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This review is from: ASRock A785GM-LE AM3/AM2+/AM2 AMD 785G + SB710 Micro ATX AMD Motherboard
Pros: My father's motherboard failed in his HP Pavilion Slimline and I scoffed at the $75 price tag for an identical replacement board on online auction sites. My Dad's over 70 years old and doesn't plan to buy a new machine... ever. For less money, this NEW motherboard put life into my Dad's machine. Oddly enough, EVERYTHING, including the HP headers fit perfectly except the power cable (see other thoughts) and I now have my Dad running dual monitors (which together make one HD monitor, but that's another story).
Cons: - I thought by reading reviews purchasing a 4-pin 70mm CPU fan or aftermarket heatsink/fan wouldn't be a problem to dial back the full-speed jet fan going on by default. This was a HUGE chore and ultimately a design flaw imho. Given the era this motherboard is built for, the CPU fan connector should have been 3-pin for the stock fans.
- Windows 7 was highly unstable (random power offs during Windows update) until I installed the AHCI driver on the disc. Everything was smooth sailing afterward.
- DVI-D? Seriously? OK, make the signal digital but at least give as a DVI-I connector so we can plugin the converters for the old monitors.
Other Thoughts: The 24-pin ATX power cable was too short, but I easily found and an extension on newegg for less than $5. I tossed in a cheap 128gb SSD while I was at it. If I can find one at a reasonable price I might drop in a low-profile video card as well. All in all, despite a few minor nuances, there's nothing here to deter anyone from purchasing this motherboard.READ FULL REVIEW
Pros: - Four USB3 ports
- Support for dual screens
- UEFI BIOS
- Realtek Audio (& Intel HDMI Audio)
- Mounting kit included
Cons: - Had no Problems doing a UEFI Windows 7 install, but then driver hell. The NIC isn't auto-identified on install and the Intel download site will leave you completely lost. Visiting Intel's NUC site however will get you where you need to be. This isn't a problem once you know what you're doing, but it could have been made more obvious with the literature that came with the device.
- I don't see why the mini HDMI and mini DisplayPort are necessary, pushing an added cost on special cables. There's enough room there for normal HDMI and DisplayPort plugs. Either that, or include the conversion cables needed to plugin to the vast majority of monitors out there.
Other Thoughts: The small business I consult for purchases six computers a year for internet and word processing. Tablets and laptops are not an option and maximizing workspace is important. We haven't ever upgraded a CPU which is why we considered the NUC as a viable option. Aside from the driver issues, which really just took a learning curve on Intel's website, I'm pleased with this device. Be sure to do your homework so you purchase the correct memory and SSD. And don't expect to save any cash by moving to this platform, as you'll make up the savings with special cables, specific voltage memory, a more expensive mini-SATA SSD, a memory card reader and a monitor with speakers and USB ports (because reaching behind the monitor to plug in jump drives isn't practical). I don't have a problem with the price tag pending the product stands the test of time and being upgraded from Windows 7 to Windows 9. I would love to see these being used exclusively in all our offices. We'll see.READ FULL REVIEW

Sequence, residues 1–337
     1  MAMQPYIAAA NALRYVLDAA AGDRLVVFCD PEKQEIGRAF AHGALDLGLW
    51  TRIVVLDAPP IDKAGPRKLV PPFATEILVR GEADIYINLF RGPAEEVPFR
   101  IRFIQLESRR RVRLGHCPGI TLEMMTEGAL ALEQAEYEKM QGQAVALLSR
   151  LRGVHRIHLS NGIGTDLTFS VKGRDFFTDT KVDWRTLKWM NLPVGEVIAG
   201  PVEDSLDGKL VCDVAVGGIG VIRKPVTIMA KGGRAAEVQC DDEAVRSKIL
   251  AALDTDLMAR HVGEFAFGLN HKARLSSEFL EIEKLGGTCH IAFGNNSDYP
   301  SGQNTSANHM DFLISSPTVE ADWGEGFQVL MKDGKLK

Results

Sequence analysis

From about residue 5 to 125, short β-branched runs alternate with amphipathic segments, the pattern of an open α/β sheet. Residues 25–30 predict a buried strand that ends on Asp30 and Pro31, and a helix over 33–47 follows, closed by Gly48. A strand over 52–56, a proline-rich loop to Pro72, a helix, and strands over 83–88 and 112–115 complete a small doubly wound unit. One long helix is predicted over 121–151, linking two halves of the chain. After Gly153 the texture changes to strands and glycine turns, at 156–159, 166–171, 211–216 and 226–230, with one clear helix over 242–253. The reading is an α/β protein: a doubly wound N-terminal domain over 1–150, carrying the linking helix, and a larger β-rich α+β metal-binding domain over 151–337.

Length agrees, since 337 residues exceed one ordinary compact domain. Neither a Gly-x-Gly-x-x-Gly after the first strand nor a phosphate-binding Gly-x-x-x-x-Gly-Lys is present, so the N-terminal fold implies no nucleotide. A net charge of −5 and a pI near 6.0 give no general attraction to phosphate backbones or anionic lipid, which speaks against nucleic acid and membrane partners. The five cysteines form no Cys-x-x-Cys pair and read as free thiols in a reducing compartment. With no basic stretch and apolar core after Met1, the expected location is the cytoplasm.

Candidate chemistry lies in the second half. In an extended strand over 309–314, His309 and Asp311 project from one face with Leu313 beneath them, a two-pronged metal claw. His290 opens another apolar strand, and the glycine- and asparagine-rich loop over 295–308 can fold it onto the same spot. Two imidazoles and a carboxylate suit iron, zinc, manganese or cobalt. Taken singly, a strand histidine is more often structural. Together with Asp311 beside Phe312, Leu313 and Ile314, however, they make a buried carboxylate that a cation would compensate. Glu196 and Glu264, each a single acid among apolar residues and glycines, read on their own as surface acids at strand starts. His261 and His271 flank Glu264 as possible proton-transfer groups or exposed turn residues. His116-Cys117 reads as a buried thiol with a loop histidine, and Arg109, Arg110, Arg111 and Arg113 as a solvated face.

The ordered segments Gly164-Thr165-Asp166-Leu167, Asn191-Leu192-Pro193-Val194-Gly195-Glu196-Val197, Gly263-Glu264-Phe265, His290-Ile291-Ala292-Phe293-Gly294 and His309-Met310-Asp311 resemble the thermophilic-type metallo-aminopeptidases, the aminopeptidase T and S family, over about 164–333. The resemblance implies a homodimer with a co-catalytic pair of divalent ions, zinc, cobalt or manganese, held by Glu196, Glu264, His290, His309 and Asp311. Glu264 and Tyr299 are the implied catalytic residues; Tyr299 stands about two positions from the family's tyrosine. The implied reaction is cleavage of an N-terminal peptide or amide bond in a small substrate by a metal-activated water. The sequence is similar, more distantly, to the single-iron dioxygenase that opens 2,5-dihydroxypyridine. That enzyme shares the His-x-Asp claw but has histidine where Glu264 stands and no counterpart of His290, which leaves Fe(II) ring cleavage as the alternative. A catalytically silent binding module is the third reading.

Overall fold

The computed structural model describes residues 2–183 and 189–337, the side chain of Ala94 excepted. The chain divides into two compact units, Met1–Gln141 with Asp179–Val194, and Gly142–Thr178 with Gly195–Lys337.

Pros: - Solid construction
- Has all the features I was looking for in an ITX form factor
Cons: - Asus Probe II Sense (AMDA00) Driver. The very reason I purchase and build my own machines is so my clients don't have to put up with bloatware. And the very fact I'm giving a client with an intentionally disabled driver is disheartening. At least make the driver stable so it doesn't crash Windows. It took me five installs and 20 hours to figure out the culprit.
- The UEFI BIOS is functional, but not even close to the quality of others I've used. Simply changing the boot order takes far more effort than it should and when only changing the boot order, on exit, the BIOS asks if you're sure you want to quit without any changes. Granted it saves my changes, but changes were made (yes, this is on the current version... flashing didn't help).
- Just being nitpicky on this one, but given the construction of most ITX chassis, the locations of the USB2 and USB3 headers should be swapped.
- Again nitpicky... can't believe NONE of the vendors have figured it out yet... put the stinking drivers on a branded USB jump drive. Optical drives are becoming hard to come by and I'd just assume replace the shipped drivers with the current drivers since the USB drive is what my clients will give me when I have to repair the machine.
Other Thoughts: After purchasing over 50 Asus routers (love them!) and having my first positive experience in a runin with Asus support in many years, I thought I'd give their motherboards another chance after 10+ years of avoiding them altogether. Frustratingly, same problems as ten years ago... different day. I won't be purchasing another. Given the problems I had, this is an expensive purchase. Resolve the above problems and the board is worth the cash. However, with only a half-baked BIOS and horribly unstable bloatware drivers... yeah it's back to MSI for me.READ FULL REVIEW